NLIT
3338

The Power of the Book

Schools of Public Engagement: BPATS

Liberal Arts
Undergraduate Course
Degree Students
The Power of Book
Summer 2024
Taught By: Gina Walker
Section: A

CRN: 3805

Credits: 3

​​Students across the country in conservative communities have been creating underground book clubs to read recently banned books, while The Brooklyn Public Library launched the “Books Unbanned” initiative to support teens who are spearheading anti-censorship movements. At the same time, AI technologies are upending conceptions of authorship. This course invites students to learn the story of the power of the book and its perils. We begin with the moment when the technology of writing began to replace oral culture as the medium of cultural exchange and remembrance. Mesopotamian princess/priestess/poet Enheduanna (2285 BCE-2250 BCE), perhaps the first named author for whom we have an image, texts, and autobiographical details, wrote cuneiform hymns that chronicled her role as the victim of attempted rape and invited suicide by her father’s usurper. Writing, at least among elites, quickly became the medium of political, religious, public, and personal conflict. In the fifth century BCE, the philosopher Plato argued that memory was the greatest human competence. He worried that the spread of writing would diminish this capacity, luring people away from consulting with one another to solve individual and collective problems. Knowledge was quickly gendered as accounts of the past were formulated into the practice of History, a record of information mainly by, for, and mostly about men. Once Johannes Gutenberg perfected movable type in the mid 16th century to produce large texts in multiple copies, the printed book became a weapon in the battles between opposing sides of every issue. Book banning and burning signaled the erosion of individual and social freedom, as it does in our time. Each student will have the opportunity to create an independent project that addresses some of the knotty questions about documenting the past and preparing for the future that this story of the book raises.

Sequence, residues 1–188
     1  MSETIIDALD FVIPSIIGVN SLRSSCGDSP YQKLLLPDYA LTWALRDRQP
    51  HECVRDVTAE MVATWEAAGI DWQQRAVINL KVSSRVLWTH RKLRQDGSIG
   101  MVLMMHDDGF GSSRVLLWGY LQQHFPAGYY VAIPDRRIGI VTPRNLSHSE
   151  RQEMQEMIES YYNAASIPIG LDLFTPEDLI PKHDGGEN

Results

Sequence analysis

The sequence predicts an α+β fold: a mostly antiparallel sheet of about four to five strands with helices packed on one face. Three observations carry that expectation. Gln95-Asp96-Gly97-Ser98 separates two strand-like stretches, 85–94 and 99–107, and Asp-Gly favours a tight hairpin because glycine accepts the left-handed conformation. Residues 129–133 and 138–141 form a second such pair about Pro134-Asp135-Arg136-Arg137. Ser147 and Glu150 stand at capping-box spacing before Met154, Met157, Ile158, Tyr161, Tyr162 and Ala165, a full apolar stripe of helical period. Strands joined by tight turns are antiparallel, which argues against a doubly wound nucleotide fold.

College: Schools of Public Engagement (NS)

Department: BPATS (BPAT)

Campus: New York City (GV)

Course Format: Seminar (R)

Modality: Online - Synchronous

Max Enrollment: 21

Add/Drop Deadline: June 17, 2024 (Monday)

Online Withdrawal Deadline: July 25, 2024 (Thursday)

Seats Available: Yes

Status: Closed*

* Status information is updated every few minutes. The status of this course may have changed since the last update. Open seats may have restrictions that will prevent some students from registering. Updated: 1:50am EDT 7/13/2024

Meeting Info:
Days: Tuesday, Thursday
Times: 9:55am - 11:45am
Building: Online Course
Room: 999
Date Range: 6/11/2024 - 8/1/2024